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When It Comes to Veterans’ Health Care, Veterans Must Come Before The VA

Posted by Concerned Veterans for America on


When our troops go into battle, they focus on accomplishing their mission. Providing health care to veterans should work the same way. Veterans’ health care reforms should answer how veterans can be served best.

Unfortunately, too many people in Washington are more concerned with maintaining the VA’s institutional status than giving veterans the best care. This mindset jeopardizes care for our heroes who should be receiving quality, timely care from the doctor or hospital of their choice.

The Current Approach Is Not Working

More than three years have passed since the 2014 Phoenix wait time scandal, and overall wait times have barely improved. In March of this year, the VA inspector general found that 36 percent of veterans in North Carolina and Virginia were waiting more than one month to receive care.

VA facilities across the country are riddled with problems as veterans suffer under inept bureaucracy. The Boston Globe exposed one VA hospital in Manchester, New Hampshire for its insect-ridden conditions and long wait times—despite the fact this hospital had a four-star rating. One of its operating rooms was infested with flies and had to be shut down. Patients with serious illnesses were waiting months for care. Some became permanently disabled because they didn’t get treatment in time.

The VA understands it has serious managerial and administrative problems. That’s why the Choice Program was introduced as a temporary solution, but it wasn’t nearly enough.

Only a portion of veterans qualify for the program, which allows them to seek private medical care if they live 40 miles or more from a VA facility. Even those who qualify often can’t find a private provider willing to treat them because the VA is slow to reimburse the cost of care.

Veterans Must Come First

The VA needs to be strengthened so veterans can receive the care they deserve. But strengthening the VA doesn’t mean pumping more money into a one-size-fits all system. A veterans-first policy means giving them more options so they can receive care from the provider of their choice.

Veterans must come before what would benefit the VA as an institution. VA choice reform focus on policies that will accomplish their mission, regardless of who is providing the care.

Click here to learn more about the principles that should guide veterans’ choice reform.

The post When It Comes to Veterans’ Health Care, Veterans Must Come Before The VA appeared first on Concerned Veterans for America.

When It Comes to Veterans’ Health Care, Veterans Must Come Before The VA

Posted by Concerned Veterans for America on


When our troops go into battle, they focus on accomplishing their mission. Providing health care to veterans should work the same way. Veterans’ health care reforms should answer how veterans can be served best.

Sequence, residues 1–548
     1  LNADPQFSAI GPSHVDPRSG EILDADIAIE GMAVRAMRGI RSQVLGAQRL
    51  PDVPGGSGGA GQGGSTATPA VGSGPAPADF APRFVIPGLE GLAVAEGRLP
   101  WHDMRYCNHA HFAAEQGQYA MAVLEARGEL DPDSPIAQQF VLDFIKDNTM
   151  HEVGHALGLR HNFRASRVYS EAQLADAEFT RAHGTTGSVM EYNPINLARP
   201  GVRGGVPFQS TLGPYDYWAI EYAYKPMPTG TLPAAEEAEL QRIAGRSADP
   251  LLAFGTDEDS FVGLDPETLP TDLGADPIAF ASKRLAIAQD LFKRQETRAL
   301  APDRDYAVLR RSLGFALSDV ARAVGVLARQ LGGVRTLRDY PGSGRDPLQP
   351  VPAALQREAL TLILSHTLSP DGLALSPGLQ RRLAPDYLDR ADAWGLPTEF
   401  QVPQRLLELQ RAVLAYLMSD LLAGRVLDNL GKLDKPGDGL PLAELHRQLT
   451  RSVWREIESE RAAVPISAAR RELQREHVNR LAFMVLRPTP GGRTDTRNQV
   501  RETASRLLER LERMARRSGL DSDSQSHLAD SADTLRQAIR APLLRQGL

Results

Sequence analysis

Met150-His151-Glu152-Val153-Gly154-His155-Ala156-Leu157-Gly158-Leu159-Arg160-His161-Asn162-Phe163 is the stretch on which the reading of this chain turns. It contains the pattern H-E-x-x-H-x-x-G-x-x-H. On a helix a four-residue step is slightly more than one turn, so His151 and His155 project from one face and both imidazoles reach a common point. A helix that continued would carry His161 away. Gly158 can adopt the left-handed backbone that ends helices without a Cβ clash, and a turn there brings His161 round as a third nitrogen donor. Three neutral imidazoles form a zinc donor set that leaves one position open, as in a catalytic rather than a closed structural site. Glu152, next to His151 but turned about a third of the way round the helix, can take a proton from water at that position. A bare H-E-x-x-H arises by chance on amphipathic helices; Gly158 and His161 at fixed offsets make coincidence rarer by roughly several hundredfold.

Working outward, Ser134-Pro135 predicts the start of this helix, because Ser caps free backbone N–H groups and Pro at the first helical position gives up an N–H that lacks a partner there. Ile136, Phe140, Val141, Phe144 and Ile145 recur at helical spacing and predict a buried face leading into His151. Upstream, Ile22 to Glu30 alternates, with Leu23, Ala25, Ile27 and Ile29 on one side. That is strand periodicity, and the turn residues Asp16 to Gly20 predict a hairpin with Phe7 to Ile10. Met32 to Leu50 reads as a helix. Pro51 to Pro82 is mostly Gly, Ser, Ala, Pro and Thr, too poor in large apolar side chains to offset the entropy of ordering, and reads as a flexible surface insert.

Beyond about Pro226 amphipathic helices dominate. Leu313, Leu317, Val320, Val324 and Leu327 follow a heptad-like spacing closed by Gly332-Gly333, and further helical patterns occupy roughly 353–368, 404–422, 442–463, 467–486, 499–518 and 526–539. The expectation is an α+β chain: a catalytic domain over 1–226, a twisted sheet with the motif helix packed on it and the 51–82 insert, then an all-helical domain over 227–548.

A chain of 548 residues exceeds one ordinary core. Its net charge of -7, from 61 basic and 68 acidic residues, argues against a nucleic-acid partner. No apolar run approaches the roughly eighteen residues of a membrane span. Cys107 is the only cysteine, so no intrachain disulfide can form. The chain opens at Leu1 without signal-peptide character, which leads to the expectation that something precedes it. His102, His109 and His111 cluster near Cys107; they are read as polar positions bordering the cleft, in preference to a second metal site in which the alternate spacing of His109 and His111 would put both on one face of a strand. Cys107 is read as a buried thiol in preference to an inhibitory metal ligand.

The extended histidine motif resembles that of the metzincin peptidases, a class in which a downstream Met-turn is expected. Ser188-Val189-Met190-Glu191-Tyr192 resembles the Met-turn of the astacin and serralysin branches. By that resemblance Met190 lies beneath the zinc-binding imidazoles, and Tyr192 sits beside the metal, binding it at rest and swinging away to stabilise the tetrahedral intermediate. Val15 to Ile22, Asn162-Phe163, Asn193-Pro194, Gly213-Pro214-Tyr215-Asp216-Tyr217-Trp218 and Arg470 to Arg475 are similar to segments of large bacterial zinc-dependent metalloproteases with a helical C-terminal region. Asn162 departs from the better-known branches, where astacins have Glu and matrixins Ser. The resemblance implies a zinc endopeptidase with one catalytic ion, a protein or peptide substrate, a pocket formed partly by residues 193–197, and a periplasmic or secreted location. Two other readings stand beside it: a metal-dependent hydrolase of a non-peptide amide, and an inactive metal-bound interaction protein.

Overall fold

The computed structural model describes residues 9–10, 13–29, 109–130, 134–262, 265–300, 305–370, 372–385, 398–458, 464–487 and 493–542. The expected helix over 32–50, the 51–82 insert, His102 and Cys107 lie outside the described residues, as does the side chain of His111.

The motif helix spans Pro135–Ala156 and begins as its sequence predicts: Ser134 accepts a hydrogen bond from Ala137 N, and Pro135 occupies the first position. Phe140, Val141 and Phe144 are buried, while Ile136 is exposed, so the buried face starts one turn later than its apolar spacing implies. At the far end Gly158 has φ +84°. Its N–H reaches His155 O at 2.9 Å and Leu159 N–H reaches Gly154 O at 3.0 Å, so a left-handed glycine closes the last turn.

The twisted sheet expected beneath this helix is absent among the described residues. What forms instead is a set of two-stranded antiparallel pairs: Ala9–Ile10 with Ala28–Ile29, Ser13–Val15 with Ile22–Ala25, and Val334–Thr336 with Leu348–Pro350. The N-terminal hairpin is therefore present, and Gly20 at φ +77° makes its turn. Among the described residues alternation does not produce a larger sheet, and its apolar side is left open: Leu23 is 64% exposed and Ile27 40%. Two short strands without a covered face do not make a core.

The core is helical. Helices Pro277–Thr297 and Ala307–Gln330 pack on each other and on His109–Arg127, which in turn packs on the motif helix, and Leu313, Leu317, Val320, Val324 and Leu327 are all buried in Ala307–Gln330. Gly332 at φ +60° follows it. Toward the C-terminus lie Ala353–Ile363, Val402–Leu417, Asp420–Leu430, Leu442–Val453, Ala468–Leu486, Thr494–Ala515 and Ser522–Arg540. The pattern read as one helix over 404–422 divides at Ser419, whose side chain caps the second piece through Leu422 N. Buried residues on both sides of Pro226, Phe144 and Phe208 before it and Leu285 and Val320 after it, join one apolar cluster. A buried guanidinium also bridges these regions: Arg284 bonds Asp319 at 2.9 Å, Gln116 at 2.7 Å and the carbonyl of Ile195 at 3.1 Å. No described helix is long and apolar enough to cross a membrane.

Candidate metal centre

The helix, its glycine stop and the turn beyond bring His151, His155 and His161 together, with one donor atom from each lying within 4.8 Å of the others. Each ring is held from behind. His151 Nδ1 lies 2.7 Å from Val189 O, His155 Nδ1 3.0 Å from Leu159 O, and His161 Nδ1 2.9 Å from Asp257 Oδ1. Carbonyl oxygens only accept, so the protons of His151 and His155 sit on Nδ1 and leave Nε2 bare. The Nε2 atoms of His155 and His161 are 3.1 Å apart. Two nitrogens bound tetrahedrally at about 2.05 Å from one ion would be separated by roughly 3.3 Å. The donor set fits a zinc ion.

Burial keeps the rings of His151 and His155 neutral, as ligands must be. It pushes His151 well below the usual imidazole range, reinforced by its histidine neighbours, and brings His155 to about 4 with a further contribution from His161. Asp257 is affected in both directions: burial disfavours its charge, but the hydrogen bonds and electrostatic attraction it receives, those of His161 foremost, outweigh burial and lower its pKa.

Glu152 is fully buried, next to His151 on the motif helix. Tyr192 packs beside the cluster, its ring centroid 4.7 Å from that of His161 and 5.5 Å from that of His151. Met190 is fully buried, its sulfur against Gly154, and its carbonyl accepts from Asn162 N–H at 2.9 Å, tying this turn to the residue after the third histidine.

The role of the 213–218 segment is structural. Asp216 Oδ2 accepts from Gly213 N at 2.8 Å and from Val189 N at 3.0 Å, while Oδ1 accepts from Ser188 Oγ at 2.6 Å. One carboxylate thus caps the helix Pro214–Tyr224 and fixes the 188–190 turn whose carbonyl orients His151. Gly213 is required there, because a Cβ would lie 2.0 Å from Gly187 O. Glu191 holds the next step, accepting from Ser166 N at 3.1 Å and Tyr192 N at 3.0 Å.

Unfortunately, too many people in Washington are more concerned with maintaining the VA’s institutional status than giving veterans the best care. This mindset jeopardizes care for our heroes who should be receiving quality, timely care from the doctor or hospital of their choice.

The Current Approach Is Not Working

More than three years have passed since the 2014 Phoenix wait time scandal, and overall wait times have barely improved. In March of this year, the VA inspector general found that 36 percent of veterans in North Carolina and Virginia were waiting more than one month to receive care.

VA facilities across the country are riddled with problems as veterans suffer under inept bureaucracy. The Boston Globe exposed one VA hospital in Manchester, New Hampshire for its insect-ridden conditions and long wait times—despite the fact this hospital had a four-star rating. One of its operating rooms was infested with flies and had to be shut down. Patients with serious illnesses were waiting months for care. Some became permanently disabled because they didn’t get treatment in time.

The VA understands it has serious managerial and administrative problems. That’s why the Choice Program was introduced as a temporary solution, but it wasn’t nearly enough.

Only a portion of veterans qualify for the program, which allows them to seek private medical care if they live 40 miles or more from a VA facility. Even those who qualify often can’t find a private provider willing to treat them because the VA is slow to reimburse the cost of care.

Veterans Must Come First

The VA needs to be strengthened so veterans can receive the care they deserve. But strengthening the VA doesn’t mean pumping more money into a one-size-fits all system. A veterans-first policy means giving them more options so they can receive care from the provider of their choice.

Veterans must come before what would benefit the VA as an institution. VA choice reform focus on policies that will accomplish their mission, regardless of who is providing the care.

Click here to learn more about the principles that should guide veterans’ choice reform.

The post When It Comes to Veterans’ Health Care, Veterans Must Come Before The VA appeared first on Concerned Veterans for America.

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